Araucarioxylon arizonicum

Araucarioxylon arizonicum

Taxobox
name = "Araucarioxylon arizonicum"
fossil_range = Triassic



image_width = 240px
image_caption = Petrified "Araucarioxylon arizonicum"
regnum = Plantae
divisio = Pinophyta
classis = Pinopsida
ordo = Pinales
familia = Araucariaceae
genus = "Araucarioxylon"
species = "A. arizonicum"
binomial = "Araucarioxylon arizonicum"
binomial_authority = Knowlton

"Araucarioxylon arizonicum" is an extinct conifer that is the state fossil of Arizona.

In the Triassic period, the Araucarioxylon tree grew in what today's Black Forest, a part of the 378.51 km² (93,492 acre) Petrified Forest National Park in eastern Arizona. Prehistoric Arizona was a flat tropical expanse in the northwest corner of the supercontinent Pangaea.

The trees towered as high as 60 m (200 ft) and measured more than 60 cm (2 ft) in diameter. Fossils frequently show boreholes of insects, as well as fossilized hives of prehistoric bees.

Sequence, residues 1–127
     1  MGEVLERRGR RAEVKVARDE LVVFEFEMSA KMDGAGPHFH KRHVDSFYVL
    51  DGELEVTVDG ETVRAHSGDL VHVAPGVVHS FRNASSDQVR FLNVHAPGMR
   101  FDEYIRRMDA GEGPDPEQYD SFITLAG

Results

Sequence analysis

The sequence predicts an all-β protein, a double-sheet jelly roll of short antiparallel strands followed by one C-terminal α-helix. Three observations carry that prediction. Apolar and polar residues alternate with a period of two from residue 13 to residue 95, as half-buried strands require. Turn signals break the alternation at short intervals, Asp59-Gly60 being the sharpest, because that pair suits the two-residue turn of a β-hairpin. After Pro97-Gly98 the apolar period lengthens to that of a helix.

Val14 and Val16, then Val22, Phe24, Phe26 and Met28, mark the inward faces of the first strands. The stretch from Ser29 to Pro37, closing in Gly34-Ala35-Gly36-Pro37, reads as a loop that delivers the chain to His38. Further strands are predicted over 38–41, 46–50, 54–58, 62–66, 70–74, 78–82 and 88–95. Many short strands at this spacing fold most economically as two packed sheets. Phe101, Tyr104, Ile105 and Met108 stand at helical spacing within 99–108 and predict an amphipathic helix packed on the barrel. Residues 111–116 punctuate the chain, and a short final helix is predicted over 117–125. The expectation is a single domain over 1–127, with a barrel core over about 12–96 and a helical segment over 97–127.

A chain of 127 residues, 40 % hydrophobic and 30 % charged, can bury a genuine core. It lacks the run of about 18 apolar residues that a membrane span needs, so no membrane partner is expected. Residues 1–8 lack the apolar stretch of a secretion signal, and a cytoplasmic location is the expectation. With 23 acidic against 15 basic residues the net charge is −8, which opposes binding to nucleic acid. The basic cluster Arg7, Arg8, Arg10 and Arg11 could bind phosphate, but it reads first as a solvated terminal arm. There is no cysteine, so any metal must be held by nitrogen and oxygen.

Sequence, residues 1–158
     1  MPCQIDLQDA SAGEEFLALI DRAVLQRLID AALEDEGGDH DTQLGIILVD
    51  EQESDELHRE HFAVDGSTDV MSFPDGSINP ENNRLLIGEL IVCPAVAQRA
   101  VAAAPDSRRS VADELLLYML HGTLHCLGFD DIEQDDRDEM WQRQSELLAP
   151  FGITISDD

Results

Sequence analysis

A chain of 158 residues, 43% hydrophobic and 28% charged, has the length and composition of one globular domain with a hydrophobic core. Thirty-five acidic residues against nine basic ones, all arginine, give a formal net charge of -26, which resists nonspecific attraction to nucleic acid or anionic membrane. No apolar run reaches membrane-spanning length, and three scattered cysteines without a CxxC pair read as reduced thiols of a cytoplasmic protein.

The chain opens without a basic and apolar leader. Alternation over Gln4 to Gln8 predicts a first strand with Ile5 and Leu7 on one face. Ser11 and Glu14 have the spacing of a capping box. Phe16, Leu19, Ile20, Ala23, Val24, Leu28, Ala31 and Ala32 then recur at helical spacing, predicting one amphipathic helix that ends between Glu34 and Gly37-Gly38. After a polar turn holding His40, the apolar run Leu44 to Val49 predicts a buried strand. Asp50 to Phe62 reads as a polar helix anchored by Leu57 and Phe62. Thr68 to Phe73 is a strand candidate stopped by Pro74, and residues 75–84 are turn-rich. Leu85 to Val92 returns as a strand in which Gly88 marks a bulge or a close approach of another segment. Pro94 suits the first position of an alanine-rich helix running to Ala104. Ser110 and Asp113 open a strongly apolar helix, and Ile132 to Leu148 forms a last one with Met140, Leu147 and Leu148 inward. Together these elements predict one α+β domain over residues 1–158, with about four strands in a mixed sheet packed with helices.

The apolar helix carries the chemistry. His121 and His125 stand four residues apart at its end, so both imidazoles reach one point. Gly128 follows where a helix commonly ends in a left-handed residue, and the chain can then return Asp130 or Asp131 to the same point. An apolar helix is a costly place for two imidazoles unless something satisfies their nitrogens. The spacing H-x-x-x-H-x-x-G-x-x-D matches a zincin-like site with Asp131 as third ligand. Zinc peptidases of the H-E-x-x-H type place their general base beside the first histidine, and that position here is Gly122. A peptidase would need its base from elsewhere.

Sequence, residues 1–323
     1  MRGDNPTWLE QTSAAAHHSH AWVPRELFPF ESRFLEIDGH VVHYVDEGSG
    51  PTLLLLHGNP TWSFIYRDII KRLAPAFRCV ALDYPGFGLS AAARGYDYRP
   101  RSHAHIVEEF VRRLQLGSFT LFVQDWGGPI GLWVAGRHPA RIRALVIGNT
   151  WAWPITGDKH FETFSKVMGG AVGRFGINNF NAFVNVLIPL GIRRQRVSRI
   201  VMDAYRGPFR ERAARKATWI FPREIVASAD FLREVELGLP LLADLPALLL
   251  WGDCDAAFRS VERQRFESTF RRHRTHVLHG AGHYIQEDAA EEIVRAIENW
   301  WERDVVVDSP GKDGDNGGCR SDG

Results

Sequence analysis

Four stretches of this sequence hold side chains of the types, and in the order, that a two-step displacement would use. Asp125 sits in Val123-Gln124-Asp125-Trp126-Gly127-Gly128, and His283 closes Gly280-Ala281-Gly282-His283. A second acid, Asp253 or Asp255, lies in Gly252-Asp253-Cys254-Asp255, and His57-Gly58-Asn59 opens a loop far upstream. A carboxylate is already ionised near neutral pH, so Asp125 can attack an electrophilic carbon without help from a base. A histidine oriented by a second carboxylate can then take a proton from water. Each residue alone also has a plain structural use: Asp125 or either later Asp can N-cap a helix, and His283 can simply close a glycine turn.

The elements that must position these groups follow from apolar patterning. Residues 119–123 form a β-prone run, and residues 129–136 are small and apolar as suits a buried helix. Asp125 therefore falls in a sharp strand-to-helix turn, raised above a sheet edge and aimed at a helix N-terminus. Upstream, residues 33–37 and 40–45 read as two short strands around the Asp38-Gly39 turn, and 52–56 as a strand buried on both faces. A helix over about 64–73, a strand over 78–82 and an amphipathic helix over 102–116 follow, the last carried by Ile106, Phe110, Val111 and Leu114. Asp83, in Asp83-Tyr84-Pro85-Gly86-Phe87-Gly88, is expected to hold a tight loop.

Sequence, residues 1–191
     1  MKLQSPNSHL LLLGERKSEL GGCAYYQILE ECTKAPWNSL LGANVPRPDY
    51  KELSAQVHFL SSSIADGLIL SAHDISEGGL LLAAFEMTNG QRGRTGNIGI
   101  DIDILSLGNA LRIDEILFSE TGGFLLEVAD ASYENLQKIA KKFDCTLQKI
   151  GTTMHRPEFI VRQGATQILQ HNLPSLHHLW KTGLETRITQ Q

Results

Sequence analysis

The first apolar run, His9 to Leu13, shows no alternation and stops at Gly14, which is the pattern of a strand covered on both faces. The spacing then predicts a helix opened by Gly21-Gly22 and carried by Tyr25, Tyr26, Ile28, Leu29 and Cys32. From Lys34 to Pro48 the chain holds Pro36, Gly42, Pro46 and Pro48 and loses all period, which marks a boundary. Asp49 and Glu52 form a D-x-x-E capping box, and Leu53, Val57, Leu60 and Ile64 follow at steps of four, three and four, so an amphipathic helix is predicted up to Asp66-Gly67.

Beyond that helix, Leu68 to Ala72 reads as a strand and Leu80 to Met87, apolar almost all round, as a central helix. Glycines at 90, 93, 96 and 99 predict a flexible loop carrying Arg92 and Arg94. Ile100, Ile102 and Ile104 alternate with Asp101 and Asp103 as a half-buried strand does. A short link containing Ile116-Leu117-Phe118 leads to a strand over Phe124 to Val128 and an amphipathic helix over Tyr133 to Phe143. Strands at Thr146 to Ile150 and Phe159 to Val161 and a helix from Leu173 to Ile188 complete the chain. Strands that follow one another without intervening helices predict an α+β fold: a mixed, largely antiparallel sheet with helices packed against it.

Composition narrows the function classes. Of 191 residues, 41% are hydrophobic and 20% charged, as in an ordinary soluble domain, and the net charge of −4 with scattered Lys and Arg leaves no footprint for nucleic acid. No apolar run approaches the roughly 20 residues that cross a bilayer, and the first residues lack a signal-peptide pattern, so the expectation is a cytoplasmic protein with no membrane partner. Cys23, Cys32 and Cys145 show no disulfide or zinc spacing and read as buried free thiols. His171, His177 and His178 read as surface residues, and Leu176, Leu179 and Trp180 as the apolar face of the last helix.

The genus "Araucarioxylon" is regarded by some paleobotanists as synonymous with the modern genus "Araucaria", though this view is not universal.

The petrified wood of this tree is frequently referred to as "Rainbow wood" because of the large variety of colors some specimens exhibit. The red and yellow are produced by large particulate forms of iron oxide, the yellow being limonite and the red being hematite. The purple hue comes from extremely fine spherules of hematite distributed throughout the quartz matrix, and not from manganese, as has sometimes been suggested.

References

* F. H. Knowlton, New species of fossil wood ("Araucarioxylon arizonicum") from Arizona and New Mexico, "Proceedings of the United States National Museum", 1889.
* [http://www.smithsonianmag.com/science-nature/object_june97.html Smithsonian Magazine article on "A. arizonicum"]


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